Tiny Faroe Islands have at last caved in to shoot themselves in the proverbial foot by joining the band wagon of economic sanctions against Russia following the giant country’s invasion of Ukraine in 2022.
After months of back and forth over the socioeconomic danger of embarking on an exercise in potential self-hurt, the Faroese Government a month ago announced a measure of significant port closures to reduce the activities of Russian fishing vessels in the island nation.
“The Government of the Faroe Islands has imposed further restrictive measures against Russia by considerably limiting port access for Russian fishing vessels,” the Prime Minister’s Office stated, calling the Russian Federation’s so-called special military operation an “illegal attack on Ukraine” with some largely symbolic responsive measures initiated in June 2022.
“These measures have been amended with executive order number 89 of 6 July 2023, entering into force on 12 July 2023,” the Government stated on July 7th.
Under this executive order, harsh restrictions imposed on Russian fishing vessels, controversially, make their operations in Faroese ports impossible for all intents and purposes.
“Since 5 July 2022, [merchant] vessels registered under the Russian flag have not been provided access to Faroese ports,” the Government statement added. “During this period, fishing vessels have been exempted from Faroese restrictive measures. With the new measures only Russian fishing vessels exclusively conducting fisheries under the bilateral agreement between the Faroe Islands and Russia will be allowed to enter Faroese ports. These Russian fishing vessels may continue to conduct crew change, bunkering, provisioning, landing and transshipment.”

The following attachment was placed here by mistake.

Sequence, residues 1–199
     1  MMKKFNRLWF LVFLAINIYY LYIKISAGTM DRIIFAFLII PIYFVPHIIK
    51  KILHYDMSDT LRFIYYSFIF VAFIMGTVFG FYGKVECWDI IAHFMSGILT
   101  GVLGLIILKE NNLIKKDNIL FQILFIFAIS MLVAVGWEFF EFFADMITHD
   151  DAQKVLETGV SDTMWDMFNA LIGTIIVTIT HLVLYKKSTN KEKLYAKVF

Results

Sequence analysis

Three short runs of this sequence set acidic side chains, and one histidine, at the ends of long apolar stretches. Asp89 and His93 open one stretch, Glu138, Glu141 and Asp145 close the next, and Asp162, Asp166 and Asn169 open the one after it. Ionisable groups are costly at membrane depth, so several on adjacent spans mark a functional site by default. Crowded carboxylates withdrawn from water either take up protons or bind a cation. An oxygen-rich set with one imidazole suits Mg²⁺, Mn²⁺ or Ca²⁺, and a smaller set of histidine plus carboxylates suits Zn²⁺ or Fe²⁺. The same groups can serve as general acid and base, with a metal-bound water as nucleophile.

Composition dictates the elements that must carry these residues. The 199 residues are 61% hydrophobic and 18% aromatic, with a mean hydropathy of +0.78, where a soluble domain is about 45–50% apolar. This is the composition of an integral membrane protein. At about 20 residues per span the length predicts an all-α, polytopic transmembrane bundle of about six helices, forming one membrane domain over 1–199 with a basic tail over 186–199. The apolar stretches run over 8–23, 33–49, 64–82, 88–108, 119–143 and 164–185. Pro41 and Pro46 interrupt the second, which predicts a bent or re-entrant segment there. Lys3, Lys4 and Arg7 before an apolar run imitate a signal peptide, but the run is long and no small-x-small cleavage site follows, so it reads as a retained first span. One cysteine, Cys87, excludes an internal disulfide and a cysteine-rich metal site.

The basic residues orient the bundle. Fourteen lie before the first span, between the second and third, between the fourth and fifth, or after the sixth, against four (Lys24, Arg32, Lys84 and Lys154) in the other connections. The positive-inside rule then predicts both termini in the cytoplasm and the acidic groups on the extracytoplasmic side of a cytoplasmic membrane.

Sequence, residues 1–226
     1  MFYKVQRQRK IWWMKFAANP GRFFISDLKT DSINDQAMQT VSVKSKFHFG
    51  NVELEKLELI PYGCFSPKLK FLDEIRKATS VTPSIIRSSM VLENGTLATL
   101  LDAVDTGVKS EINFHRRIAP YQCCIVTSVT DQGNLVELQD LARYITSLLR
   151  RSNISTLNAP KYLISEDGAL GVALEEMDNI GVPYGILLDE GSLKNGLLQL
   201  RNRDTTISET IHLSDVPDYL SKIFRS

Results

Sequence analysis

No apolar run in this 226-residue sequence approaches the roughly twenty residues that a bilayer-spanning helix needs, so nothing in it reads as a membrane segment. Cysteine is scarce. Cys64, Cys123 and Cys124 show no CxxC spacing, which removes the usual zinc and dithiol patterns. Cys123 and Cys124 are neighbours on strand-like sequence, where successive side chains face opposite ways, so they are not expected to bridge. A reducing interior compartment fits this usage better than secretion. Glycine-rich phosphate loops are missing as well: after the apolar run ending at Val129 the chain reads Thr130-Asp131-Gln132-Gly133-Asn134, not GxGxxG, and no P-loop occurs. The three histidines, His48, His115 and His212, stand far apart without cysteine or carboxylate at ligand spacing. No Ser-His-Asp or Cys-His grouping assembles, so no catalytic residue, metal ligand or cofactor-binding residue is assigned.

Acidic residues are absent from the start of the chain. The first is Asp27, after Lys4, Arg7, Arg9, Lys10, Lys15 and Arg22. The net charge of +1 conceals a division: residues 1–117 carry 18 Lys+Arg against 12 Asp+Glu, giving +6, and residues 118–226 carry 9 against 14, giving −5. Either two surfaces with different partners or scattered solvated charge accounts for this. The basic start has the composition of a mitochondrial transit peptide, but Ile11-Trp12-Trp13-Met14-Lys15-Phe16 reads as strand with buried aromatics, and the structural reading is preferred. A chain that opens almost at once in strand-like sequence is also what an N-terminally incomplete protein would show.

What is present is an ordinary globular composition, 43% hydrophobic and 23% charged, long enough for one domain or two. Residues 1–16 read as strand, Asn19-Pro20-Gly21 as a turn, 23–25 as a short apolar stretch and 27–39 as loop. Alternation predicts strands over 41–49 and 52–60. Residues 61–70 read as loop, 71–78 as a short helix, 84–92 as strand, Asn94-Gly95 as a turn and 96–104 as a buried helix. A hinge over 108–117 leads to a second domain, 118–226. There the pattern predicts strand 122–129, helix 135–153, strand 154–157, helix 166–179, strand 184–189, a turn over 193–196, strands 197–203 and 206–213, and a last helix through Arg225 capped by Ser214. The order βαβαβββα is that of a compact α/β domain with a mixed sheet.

A main argument cited in the Faroes for abstaining from implementing sanctions on fishing vessels, is the fact that the United Nations Secretary General has unambiguously advised against sanctioning food to avoid causing food scarcity anywhere in the world. As it turns out, however, that argument has now been overruled essentially without explanation.
Shortly after the public announcement of these new anti-Russian measures, Russian vessels vanished out of sight, perhaps unexpectedly for those who somewhat naively may have imagined that the vessels would continue to call at the ports despite the virtual blanket ban—after all, these are generally vessels with mixed holds and it would be all but impossible for them to separate their fish caught in Faroese waters from fish caught in international waters nearby.
Their sudden disappearance has caused a stir in places where Russian vessels were most commonly seen, most notably Runavík, Fuglafjørður, and Klaksvík, and to an extent Tórshavn as well.